Friday, November 20, 2015

Reviews: Honesty Vs. Inflated Truth

Most authors go out in search of reviews for their books
Publishers often send out free copies to random reviewers
Many Indie authors ask friends (or established reader base) to review their work

This is always true, but...
What do you do about bad reviews?

Recently I was given a free copy of a book from an indie author in exchange for my honest review of the work. I opened the document, started reading, and... Oh. Well. Sorry. I can't give you my honest review because I can't read the document. Forcing myself to read unedited, unformatted, character-tag-less, description free, plot free mumbo jumbo is a waste of my time and gives me a headache. I understand that the author's done their honest-to-goodness best and it's their personal masterpiece, but the review isn't going to happen. There are no stars that I can award to broken, unpolished literature. 

I explained myself to the author and, instead of giving them a review, suggested what they could do to improve their craft. I even offered to edit their future work. I'm not a professional editor, but I'm confident in my knowledge base to say that "yes, I can help you improve." (And to be honest, I want to help other authors. The best source for learning comes from other people in your working environment, even from those who aren't equally talented.)

I didn't review, but others did. The manuscript in question has over a dozen 5 star reviews on Amazon, and yes, a recent 1 star review. The author posted their displeasure to social media and the author's supporters trashed the reviewer, going as far as picking at her chosen name and calling her dirty words. The reviewer in question was so thoroughly trashed that people have outright blocked the reviewer without question.

This isn't cool. Just... I mean... DUDE! 

Review: Definition: A critical appraisal of a book

Did you read that right? CRITICAL. This means that when a book is given to someone--anyone--for review, that the reviewer should come back with remarks that analyze the work for both its merits and its faults.

Positive reviews makes an author feel good about their craft and help them to sell more books. Negative reviews can make an author feel crappy, but even negative reviews aren't all bad. Having your shortcomings pointed out by others is part of the business of writing. Everyone experiences a poor review at some point because literary works--like art--are subjective to the reader. Not everyone is going to like a particular book. This is something that has to be accepted in order to push forward. Grow from it.

The Problem with Indie Authors and Reviews

Indie authors: please STOP asking your friends to review your books. Your friends are biased. They love you, want to support you, and are willing to lie right to your face that your book is the best thing they've read since the newest release on the New York Time's Best Seller's List. Your friends will give you 4 and 5 star reviews to placate you so you don't lash out at them and/or kill your dream of being a famous author. (Hate to break it to you: only 10% of authors worldwide make enough money off their writing to support themselves). Inflated reviews might puff up the author, but they piss off readers who go out in search of well received books only to find that what they've purchased is complete crap.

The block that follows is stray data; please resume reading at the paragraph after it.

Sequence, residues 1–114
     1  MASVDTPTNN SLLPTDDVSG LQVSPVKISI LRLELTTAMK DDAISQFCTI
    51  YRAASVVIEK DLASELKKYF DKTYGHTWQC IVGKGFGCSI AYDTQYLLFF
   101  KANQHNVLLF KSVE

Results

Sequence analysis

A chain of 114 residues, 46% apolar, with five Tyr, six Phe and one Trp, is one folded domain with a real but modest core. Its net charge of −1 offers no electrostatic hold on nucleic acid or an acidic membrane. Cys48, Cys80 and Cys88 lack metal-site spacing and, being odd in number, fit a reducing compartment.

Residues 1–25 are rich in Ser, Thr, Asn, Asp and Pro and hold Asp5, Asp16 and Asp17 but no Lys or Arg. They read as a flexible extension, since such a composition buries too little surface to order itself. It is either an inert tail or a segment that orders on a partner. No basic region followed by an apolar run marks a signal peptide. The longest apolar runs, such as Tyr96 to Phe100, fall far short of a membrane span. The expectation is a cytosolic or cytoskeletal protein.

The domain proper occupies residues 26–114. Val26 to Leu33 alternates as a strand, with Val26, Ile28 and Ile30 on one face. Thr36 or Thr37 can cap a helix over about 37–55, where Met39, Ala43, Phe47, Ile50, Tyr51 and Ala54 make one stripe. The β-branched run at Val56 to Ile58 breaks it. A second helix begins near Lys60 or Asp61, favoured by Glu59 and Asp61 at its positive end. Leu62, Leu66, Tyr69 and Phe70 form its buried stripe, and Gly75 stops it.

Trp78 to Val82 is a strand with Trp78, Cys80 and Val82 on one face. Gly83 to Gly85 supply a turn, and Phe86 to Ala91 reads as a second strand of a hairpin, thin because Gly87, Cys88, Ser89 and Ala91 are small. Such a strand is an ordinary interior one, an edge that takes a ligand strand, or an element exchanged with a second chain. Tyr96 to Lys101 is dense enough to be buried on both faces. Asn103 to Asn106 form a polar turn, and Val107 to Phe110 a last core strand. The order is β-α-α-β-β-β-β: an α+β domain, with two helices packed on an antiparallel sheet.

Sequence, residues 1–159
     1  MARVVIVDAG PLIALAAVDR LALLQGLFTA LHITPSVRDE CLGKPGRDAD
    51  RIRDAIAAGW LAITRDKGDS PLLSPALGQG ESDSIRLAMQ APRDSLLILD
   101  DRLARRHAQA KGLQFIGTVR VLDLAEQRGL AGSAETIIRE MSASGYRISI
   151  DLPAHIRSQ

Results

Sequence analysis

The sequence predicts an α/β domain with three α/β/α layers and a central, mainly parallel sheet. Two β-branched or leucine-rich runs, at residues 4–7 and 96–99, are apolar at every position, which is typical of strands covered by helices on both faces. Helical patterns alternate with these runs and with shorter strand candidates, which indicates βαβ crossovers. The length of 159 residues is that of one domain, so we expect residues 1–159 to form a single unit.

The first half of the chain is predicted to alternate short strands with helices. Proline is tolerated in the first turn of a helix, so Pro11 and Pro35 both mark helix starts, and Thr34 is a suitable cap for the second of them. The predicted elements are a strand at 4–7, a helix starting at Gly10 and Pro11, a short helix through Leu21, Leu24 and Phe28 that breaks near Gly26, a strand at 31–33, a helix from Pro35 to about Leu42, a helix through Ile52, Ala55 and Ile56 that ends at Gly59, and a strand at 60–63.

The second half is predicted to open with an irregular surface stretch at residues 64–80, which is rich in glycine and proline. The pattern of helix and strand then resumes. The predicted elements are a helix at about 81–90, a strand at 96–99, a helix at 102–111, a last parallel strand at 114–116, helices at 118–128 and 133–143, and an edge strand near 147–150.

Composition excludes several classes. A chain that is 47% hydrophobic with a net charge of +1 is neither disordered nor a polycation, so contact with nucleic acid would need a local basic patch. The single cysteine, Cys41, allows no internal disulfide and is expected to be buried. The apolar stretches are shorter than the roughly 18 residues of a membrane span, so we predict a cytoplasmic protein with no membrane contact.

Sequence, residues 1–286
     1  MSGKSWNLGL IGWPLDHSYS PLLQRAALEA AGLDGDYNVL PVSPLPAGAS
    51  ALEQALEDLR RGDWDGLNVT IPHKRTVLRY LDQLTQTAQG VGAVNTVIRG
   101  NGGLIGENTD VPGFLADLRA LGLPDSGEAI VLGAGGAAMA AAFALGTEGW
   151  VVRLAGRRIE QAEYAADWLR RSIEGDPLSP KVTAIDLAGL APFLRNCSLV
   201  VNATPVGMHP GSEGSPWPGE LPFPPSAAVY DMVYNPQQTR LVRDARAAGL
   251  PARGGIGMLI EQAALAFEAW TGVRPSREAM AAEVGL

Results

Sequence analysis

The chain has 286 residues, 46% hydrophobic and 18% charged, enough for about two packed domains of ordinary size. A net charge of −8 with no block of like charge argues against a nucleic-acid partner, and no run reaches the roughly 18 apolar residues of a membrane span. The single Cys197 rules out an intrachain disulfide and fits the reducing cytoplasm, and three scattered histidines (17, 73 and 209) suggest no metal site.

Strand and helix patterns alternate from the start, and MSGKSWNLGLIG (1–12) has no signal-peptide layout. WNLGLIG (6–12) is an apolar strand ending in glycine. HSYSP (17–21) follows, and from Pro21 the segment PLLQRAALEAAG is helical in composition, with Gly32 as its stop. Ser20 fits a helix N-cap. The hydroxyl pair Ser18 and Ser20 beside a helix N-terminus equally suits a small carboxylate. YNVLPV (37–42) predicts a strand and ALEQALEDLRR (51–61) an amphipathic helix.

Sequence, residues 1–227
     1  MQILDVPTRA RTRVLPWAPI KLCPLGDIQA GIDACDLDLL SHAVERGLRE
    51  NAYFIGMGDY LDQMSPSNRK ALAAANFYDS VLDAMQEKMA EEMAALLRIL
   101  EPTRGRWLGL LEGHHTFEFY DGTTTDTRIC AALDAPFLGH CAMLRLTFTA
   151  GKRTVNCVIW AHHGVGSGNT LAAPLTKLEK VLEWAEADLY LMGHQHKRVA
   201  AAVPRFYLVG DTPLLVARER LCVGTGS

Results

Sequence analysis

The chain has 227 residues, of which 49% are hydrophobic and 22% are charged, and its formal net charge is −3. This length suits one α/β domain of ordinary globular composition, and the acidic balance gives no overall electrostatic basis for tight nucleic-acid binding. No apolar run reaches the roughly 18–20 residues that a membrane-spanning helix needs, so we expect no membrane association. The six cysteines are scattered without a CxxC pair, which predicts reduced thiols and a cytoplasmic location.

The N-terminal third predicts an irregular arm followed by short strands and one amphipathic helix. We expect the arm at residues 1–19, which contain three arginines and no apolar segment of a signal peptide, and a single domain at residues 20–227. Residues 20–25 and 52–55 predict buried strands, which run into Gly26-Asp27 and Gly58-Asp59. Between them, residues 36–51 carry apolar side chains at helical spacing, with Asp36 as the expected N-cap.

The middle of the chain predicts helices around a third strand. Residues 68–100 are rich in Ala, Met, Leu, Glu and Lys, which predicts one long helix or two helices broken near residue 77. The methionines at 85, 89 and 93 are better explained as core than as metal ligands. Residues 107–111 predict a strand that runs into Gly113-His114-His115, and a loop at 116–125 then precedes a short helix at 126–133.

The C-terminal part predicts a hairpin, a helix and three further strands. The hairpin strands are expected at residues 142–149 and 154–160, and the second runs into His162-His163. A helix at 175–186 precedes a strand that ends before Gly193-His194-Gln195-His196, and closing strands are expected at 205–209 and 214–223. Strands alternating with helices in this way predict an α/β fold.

(Note: Duh, this isn't how all indie authors go about things. This blog post is simply my reaction to what I see too often)

How Traditional Publishing Gets it Right

A good publisher has a list of reviewers that they work with and who request specific types of books (by genre) for review. The author usually doesn't know the reviewer and vice versa. This is the  BEST way to get that honest review that both indie and traditionally published authors crave. Perfect strangers are far more likely to say "this was great because..." or "this didn't work in the story because..." and "this sucked because...". You can absolutely trust a stranger's first impression. 

AND SO CAN OTHERS. Honest positive reviews will send other readers your way. If someone learns your work is filled with inflated opinions, they're going to hate you and probably share their experience about you as an author with other readers. Word of mouth is a big deal. It can make you or break you. 

The point of writing is to tell a good story, be read by others, and hopefully make a little cash on the side, all of which is better accomplished by honest reviews. If you're done the hard work as an author (good story, beta readers, some editing, easy to read formatting, a little marketing), the good reviews will come.

What Do You Do About Negative Reviews?

1) Thank your reviewer! They put in their personal time and energy to have a look, and they kept up their end of the bargain. You asked for their opinion and they gave it to you.
2) Analyze why you were given poor marks. Understand that you have things to work on
3) Accept that you're not Steven King and might never be as equally successful 
4) Keep writing. Take a deep breath and move forward. 

Where To Find Reviewers Who Aren't Friends

Search engines are your honest friends. Social media platforms are your honest friends. There are entire groups on Facebook and Google+ devoted to giving reviews, and bored housewives with numerous kids are creating blogs all about their favorite genres and the books they crave. Don't be lazy. Do the research. You'll be all the better for it.

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